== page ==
Judy then told us about how Chinese writing developed. Most of the characters derive from pictures, and have been simplified into representational symbols. She showed some graphics that illustrated how the pictures evolved over time into characters.

She told us that the food is different in Taiwan. “For breakfast,” she said, “we eat soup or noodles and maybe some hamburger.” She said that she likes beef noodles, especially with her mother’s secret sauce. Another common food is congee, which is made by cooking rice for a long time, until it is very soft. It is seasoned, and vegetables or other ingredients are added – “whatever you want”, Judy says. And Taiwanese hamburgers are “different from McDonald’s hamburgers”. They are made with various meats, and are often eaten for breakfast, as indicated earlier. We ran out of time before we could hear about “bubble milk tea” and “stinky tofu”, but we hope to learn about those delicacies very soon!

Home from Italy  – We Hear From Trula!

Outbound Exchange Student Trula Rael spent the last school year in Trieste, Italy. “It was a really incredible experience,” she told us. Trieste is “a town of about a third of a million people, in northeastern Italy.” It is situated near Italy’s borders with Croatia and Slovenia. She said that she lived “right on the border with Slovenia – a ten minute drive away”. She said that people would drive to Slovenia to get gas much as people who live close to the Oregon border might cross it to go shopping. Trieste has the largest sea-facing plaza in the world, and Trula said that the city is beautiful.

Trula said that living with a host family was “one of the most difficult, but most rewarding parts the Exchange Year”. She told us that it was a challenge to be where she “wasn’t quite comfortable and I wasn’t quite used to what was going on, and on top of that, I didn’t speak the language”. It was difficult to have normal interactions with people due to the language barrier. However, she said that her first host family provided a great introduction to the culture and they helped her learn Italian. She feels lucky to have met them and to bond with them.

Trula Rael
Trula Rael

Unfortunately, the situation with her second host family did not work out well, which led to Trula having a third host family. “It was not exactly scheduled,” she told us, “but I’m really happy that happened.” And although the two months with the second family was a difficult time, Trula said, “I honestly learned the most during that period of time.” By that time, she fluent enough to be able to talk with her friends and others about the situation, and the problem-solving helped her grow. Having the support from Rotarians in Italy and in the US made it fixable, and she was thankful for that. During that time, she learned a lot about herself and helped shape how she will interact with others in the future.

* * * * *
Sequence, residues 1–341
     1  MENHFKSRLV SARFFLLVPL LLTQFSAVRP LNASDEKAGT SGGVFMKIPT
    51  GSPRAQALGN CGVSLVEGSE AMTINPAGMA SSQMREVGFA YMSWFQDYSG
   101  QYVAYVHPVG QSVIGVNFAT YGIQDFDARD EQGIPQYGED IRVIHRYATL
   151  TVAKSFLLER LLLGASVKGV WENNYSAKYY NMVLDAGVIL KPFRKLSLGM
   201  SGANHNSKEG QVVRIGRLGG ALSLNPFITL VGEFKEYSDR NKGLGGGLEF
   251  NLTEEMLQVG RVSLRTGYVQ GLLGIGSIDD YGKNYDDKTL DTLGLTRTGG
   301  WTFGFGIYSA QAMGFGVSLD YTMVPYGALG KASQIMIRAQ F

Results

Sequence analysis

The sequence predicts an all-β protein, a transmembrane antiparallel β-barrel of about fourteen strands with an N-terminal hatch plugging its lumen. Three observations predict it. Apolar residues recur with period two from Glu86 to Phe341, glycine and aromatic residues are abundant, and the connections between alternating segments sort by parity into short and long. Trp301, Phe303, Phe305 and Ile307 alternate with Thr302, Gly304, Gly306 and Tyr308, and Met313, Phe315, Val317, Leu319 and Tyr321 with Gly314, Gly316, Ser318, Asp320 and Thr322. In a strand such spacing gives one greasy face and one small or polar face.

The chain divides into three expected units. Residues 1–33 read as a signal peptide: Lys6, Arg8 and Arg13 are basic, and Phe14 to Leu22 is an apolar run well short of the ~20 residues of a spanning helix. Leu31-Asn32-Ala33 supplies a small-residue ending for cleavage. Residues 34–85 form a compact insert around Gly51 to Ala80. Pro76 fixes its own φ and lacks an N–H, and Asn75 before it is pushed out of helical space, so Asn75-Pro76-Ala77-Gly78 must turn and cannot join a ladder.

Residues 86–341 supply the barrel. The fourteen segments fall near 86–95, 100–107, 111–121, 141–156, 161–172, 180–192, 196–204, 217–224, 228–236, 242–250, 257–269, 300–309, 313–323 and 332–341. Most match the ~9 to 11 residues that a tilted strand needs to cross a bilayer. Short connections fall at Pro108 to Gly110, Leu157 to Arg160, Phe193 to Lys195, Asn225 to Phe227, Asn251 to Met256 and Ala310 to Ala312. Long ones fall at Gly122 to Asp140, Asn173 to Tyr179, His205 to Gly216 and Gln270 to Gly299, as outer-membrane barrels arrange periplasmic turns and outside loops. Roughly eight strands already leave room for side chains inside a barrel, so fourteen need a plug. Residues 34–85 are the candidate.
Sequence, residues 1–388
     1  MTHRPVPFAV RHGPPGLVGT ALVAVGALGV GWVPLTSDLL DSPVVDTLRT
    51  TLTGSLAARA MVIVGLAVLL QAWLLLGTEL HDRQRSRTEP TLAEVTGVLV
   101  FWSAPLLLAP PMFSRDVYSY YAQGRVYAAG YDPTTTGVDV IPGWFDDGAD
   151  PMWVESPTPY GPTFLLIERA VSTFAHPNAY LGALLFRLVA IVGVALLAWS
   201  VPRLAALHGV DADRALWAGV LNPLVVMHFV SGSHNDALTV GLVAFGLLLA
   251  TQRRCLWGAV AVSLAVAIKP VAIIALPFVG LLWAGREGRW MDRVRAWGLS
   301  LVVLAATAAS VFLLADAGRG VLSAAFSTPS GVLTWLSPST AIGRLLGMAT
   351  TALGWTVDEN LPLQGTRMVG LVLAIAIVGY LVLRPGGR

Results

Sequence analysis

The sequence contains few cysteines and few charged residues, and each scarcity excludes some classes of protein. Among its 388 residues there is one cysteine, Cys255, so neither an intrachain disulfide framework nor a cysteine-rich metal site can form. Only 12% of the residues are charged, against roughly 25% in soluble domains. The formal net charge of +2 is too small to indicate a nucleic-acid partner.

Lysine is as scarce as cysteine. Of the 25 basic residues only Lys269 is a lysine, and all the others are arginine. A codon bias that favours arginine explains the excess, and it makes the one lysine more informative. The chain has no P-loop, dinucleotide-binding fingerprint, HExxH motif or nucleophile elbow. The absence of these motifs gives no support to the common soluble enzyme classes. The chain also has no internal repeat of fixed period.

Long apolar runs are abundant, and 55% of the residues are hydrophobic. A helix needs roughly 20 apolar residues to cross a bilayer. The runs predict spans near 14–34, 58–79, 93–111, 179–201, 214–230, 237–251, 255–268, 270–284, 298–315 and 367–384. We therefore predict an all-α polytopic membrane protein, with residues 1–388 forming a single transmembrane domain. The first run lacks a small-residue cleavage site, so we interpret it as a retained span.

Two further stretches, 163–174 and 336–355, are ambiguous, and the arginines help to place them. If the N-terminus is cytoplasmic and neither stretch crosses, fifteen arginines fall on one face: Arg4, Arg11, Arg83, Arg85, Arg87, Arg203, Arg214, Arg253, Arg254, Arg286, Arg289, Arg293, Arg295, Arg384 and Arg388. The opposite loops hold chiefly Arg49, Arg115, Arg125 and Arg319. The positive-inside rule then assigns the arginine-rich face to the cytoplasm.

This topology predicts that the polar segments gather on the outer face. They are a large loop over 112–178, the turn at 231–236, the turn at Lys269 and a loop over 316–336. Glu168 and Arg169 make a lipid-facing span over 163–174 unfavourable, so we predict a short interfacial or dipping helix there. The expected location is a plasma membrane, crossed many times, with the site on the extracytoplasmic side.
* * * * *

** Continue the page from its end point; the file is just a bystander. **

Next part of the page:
Trula said that her school ran from 8 am to about 1 or 2 in the afternoon, without a lunch break, so you go home right after school to eat. Schools are in session five or six days a week (she had a five-day week). And she said that students do not change classes for different subjects. Trula said that this allowed her to get to know the other students better, but it was true that “I am not used to sitting in one classroom for six hours”. She noted that it is difficult if a student doesn’t get along with his or her class, because they are together for the five years that they attend that school. Trula said that her school was very accommodating – “They let me skip out on Spanish, Law, and Economy”. During those times, she would help other classes that were learning English, including a second-year class filled with younger students and a fifth-year class. This allowed her to meet and interact with more people.

Trula was able to participate in several activities with other Rotary Exchange Students. These included hiking in the Alps, exploring Venice, having a Christmas dinner together, participating in the District Conference, and even forming a human bridge! They would meet about once a month, and they became very good friends. “To have a group of friends from all over the world,” she declared, “is an incredible opportunity, and it made me appreciate and understand the world so much more.” She gained a much deeper sense of understanding and empathy. When the terrorist attacks in France occurred during her Exchange Year, she felt sick to her stomach. She now had friends in France or who had family there, and the impact was much more personal. It gave her a real sense that we are one people.

Traveling was a big part of Trula’s Exchange. She got to travel with her host families and with Rotary. Her favorite places in Italy included Verona, Milan, Puglia, Naples, and Venice, and she also was able to visit nearby Slovenia. At the end of the year, many Exchange Students participated in the two-week Eurotour (similar to the Western Safari Tour that most of our Inbound Exchangers have been on). It was great fun, and it gave Trula a look at many cities in a short time. She got ideas as to where she might want to travel in the future. They visited Innsbruck, Vienna, Prague, Munich, Strasbourg, Paris, and Leon. “It was a whirlwind,” Trula said, “but it was wonderful.”

Trula told us that she knew that she had a wonderful life here before, but now that she has returned from Italy, she realized that she will never return to that life. She understands that she has ties here, in Italy, and with others around the world. To that end, I’ll let Trula close this edition of the Sunrise Spirit: